Mamut Rice

Ark of taste
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Padi Mamut

Mamut rice, also known as beras mamut or padi mamut locally, originates from the traditional rice fields in Bijat in Batang Lupar, in the region of Sarawak on the northern part of the island of Borneo. In Batang Lupar, farmers grow many varieties of rice for their own consumption and for sale. The land in the area has simple basic infrastructure to prevent flood and salt water intrusion, but irrigation infrastructure is not available and so farmers grow rice once a year during the wet season (around September to March).  

Beras mamut is a traditional, tall variety that is inherently efficient at tapping the soil nutrients for growth. The plant of this variety measures about 140-143 cm and has an erect plant type. It grows well in both upland and rain fed conditions. The stems are strong and thick and do not bend easily unless there is a strong wind before the harvest. Farmers transplant 30-35 day old seedlings by hand, and beras mamut matures 125 days after transplanting. The panicle is long, measuring about 29.5 cm. The grains of this variety  have a purplish pericarp (outer seed coat) which leaves a light purple color on the endosperm (starchy part) when milled. It is sold as semi-polished rice and it cooks to a soft and fluffy texture. Beras or padi mamut is a traditional rice variety that is naturally farmed with minimal chemical inputs because of its adaptability to the soils and clean natural environment.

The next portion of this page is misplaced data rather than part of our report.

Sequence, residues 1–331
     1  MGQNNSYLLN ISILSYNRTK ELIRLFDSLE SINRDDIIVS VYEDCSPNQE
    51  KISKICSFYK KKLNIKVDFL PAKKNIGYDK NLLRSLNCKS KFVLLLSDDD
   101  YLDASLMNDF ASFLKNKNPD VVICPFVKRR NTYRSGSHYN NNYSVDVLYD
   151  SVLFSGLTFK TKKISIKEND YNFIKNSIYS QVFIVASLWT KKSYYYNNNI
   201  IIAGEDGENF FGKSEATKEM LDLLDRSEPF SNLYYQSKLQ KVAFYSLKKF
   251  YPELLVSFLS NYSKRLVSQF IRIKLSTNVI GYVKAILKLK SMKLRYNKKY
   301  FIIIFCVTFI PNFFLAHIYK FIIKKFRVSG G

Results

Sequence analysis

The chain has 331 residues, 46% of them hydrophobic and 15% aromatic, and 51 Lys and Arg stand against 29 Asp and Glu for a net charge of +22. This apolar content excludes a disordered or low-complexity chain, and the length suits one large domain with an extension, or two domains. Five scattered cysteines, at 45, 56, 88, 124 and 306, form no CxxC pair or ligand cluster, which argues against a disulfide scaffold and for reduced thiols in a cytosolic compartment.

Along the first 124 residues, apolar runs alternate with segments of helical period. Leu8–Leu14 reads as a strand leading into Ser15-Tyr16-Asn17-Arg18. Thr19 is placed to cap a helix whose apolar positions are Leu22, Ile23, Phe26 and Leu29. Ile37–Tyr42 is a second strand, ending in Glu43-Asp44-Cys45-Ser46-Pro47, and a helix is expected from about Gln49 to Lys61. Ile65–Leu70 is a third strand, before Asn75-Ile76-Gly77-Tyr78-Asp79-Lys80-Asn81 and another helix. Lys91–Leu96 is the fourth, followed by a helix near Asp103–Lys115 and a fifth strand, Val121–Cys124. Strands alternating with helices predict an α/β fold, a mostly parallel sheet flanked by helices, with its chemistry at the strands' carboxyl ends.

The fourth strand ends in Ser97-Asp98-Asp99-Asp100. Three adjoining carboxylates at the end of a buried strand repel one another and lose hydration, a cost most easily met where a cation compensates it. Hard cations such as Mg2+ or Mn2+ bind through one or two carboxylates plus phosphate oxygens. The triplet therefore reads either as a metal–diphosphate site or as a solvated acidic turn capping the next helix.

Known for its aroma and light purple color, beras mamut is prized as a specialty rice that is served at special occasions and festivals. It has distinctive taste, color and reputation among the local people in Sarawak. In the mid-2010s, about 150 tons a year were harvested annually. This harvest was grown in part for farmers’ personal consumption, with excess amounts being sold at local farmers’ markets. Beras mamut is grown by smallholder farmers and the entire production process is done manually. The majority of these rice farmers are getting older, and if the younger generations are not interested in rice farming this variety may disappear.

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Indigenous community:Iban